Time Profiles NIAID Director Anthony Fauci
The Aug. 20 edition of Time magazine profiles Dr. Anthony Fauci, the director of the National Institute of Allergy and Infectious Diseases and a "tireless champion" of HIV/AIDS research, in its "America's Best" in science in medicine cover story. At the helm of NIAID since 1984, Fauci was in 1988 "singled out for attack" by AIDS activists who were upset with the "glacial pace of government research, drug testing and drug approval." Responding to the criticism, Fauci became "one of the leading advocates of AIDS causes" almost "overnight," Time reports. Fauci, who turned down the opportunity to head NIH in 1989 because he was "too involved -- professionally and personally -- in tackling the AIDS epidemic," lobbied the FDA to increase access to AIDS medications and set up "speedier protocols" for the testing of new AIDS drugs and helped design and oversee several large-scale clinical trials of AIDS medications. He also travels the world to talk about HIV/AIDS and continues to publish myriad scientific papers on the disease. Due "in no small part" to his efforts, American AIDS-related deaths decreased from 50,610 in 1995 to 16,273 in 1999. Fauci remains committed to fighting the "impending catastrophe internationally" by working toward a "safe and effective" HIV vaccine (Jaroff/Moffett, Time, 8/20).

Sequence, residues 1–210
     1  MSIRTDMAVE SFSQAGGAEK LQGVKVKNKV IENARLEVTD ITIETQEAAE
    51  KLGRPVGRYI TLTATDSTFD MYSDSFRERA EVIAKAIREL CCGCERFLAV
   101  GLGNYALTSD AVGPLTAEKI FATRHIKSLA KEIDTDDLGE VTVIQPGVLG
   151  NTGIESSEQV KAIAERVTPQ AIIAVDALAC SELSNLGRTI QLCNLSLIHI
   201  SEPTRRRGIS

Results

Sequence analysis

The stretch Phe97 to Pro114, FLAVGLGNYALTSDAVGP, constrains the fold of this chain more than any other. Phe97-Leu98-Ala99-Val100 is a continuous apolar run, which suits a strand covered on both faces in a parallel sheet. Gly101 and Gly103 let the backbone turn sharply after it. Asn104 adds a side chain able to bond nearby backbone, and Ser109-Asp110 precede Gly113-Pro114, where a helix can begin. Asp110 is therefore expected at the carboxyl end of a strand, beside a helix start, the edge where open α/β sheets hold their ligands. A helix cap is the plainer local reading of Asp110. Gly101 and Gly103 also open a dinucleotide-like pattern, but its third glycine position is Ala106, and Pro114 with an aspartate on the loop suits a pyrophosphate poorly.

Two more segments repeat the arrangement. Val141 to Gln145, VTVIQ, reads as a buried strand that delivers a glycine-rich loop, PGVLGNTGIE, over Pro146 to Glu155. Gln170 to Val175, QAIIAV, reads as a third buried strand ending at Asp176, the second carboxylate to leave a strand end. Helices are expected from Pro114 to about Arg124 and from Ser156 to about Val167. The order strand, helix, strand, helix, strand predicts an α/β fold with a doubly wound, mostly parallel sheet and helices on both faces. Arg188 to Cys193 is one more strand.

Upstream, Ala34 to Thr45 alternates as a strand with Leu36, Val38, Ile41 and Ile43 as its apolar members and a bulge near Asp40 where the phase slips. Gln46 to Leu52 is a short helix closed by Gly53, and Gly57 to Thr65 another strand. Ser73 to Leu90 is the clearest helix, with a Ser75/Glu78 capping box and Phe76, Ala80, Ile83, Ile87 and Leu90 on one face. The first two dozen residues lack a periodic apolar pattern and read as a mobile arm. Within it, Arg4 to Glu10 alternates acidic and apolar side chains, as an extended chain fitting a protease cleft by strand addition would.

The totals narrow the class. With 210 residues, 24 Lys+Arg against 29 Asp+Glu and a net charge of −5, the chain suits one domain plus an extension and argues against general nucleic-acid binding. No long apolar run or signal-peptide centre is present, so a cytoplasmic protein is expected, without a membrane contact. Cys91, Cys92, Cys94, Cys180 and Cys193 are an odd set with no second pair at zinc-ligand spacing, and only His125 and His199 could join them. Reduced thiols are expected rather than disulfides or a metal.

Ho's Quest for New AIDS Drugs
In an accompanying piece, Alice Park, who served on the panel that named Dr. David Ho Time's 1996 Man of the Year, makes her case for the inclusion of the AIDS researcher on Time's list of revolutionary doctors. Ho is one of the "few scientists" that "still champion[s] the idea that sufficiently potent antivirals, given in the right combination at the right time, may eliminate HIV and -- just possibly -- even cure AIDS." While this idea is "surprisingly controversial," Ho continues to work toward a solution using a "relatively simple" math equation that shows that he may be able to "shrink the [viral] reservoir faster" with a four-drug regimen that is 20% "more potent" than today's drug combinations (Park, Time, 8/20).